In the article, Greg discusses budgeting, show selection, booth planning, working the booth, follow-up and ethical issues. Depending on the practice and the personalities, I’ve been a fan of trade show participation for lawyers–when appropriate. The breakdown is often in the lack of strategic planning, the people sent, and the all-important follow through. When you start adding up everything up from the organization sponsorship, to the booth development or rental, travel & entertainment, promotional giveaways and proper follow through, it can be a big nut in a practice group’s marketing budget. However, if done right, and tracked properly, it can be a lucrative leader in generating new clients and matters. In most cases, attending a trade show is not a one-off event. It is usually the culmination of many other activities related to the specific trade, and often, a multi-year effort before a real payoff.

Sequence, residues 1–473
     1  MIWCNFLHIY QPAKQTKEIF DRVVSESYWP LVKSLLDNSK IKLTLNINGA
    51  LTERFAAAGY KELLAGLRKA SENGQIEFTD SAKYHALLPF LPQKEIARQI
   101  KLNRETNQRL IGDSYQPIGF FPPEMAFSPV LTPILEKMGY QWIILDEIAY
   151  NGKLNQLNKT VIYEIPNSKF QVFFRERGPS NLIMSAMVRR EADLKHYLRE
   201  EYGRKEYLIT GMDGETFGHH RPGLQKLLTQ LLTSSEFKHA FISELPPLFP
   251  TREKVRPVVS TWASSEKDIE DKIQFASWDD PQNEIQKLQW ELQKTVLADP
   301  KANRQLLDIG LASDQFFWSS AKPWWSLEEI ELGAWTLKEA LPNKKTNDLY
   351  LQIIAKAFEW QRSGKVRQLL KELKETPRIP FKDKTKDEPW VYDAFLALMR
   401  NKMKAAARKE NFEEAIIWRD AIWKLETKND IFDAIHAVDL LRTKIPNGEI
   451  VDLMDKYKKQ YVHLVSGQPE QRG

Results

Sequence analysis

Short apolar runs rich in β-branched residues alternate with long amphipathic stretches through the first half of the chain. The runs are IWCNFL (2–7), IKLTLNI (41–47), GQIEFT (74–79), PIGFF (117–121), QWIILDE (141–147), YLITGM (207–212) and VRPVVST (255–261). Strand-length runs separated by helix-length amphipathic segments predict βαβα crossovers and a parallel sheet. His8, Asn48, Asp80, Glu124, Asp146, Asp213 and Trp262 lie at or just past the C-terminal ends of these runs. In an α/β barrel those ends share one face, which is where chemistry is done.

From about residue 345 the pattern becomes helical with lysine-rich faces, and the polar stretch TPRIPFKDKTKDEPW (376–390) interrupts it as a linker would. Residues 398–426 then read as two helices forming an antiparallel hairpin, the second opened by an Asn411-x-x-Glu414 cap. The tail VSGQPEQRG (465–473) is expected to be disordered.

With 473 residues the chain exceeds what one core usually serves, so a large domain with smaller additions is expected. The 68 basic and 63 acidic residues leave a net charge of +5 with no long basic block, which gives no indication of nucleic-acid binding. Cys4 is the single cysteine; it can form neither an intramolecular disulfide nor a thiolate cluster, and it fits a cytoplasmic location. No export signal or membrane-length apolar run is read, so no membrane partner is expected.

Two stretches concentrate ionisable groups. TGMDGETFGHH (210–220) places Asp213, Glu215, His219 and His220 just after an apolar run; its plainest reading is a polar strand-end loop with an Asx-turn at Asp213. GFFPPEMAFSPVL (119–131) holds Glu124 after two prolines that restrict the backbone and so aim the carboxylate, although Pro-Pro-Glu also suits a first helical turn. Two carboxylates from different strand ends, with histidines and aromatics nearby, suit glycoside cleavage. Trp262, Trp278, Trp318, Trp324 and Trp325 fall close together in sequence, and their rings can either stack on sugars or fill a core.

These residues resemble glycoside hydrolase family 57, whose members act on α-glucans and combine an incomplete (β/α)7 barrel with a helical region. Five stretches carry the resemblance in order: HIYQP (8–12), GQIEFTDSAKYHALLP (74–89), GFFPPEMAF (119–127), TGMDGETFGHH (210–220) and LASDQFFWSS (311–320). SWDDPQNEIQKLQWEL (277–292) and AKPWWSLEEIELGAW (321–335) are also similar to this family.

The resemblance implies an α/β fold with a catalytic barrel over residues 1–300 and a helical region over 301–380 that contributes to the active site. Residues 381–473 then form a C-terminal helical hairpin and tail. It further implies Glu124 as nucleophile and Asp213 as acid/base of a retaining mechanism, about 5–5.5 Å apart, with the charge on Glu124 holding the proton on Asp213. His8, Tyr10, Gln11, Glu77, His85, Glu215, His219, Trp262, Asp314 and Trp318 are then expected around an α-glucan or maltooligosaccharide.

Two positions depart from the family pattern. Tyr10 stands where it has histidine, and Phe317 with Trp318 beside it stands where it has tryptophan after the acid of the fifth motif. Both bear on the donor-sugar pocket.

Many years ago, I authored a similar (but not as good) article on trade show marketing for lawyers. I discussed my own experiences and what I’d witnessed in visiting some law firm booths at a local Chamber of Commerce event. In reading Greg’s piece and rereading my own, I’m reminded that in the right situation, trade show participation continues to often be an underutilized or under strategized component of a law firm marketing plan. However, if the target market is on-point and there is proper access to the attendees, it provides an opportunity often lacking in this age of social media and virtual society–in-person, real time contact with decision makers and buyers of legal services. But make sure that participation in a trade show is well planned and thought out, or the results can be detrimental instead of positive.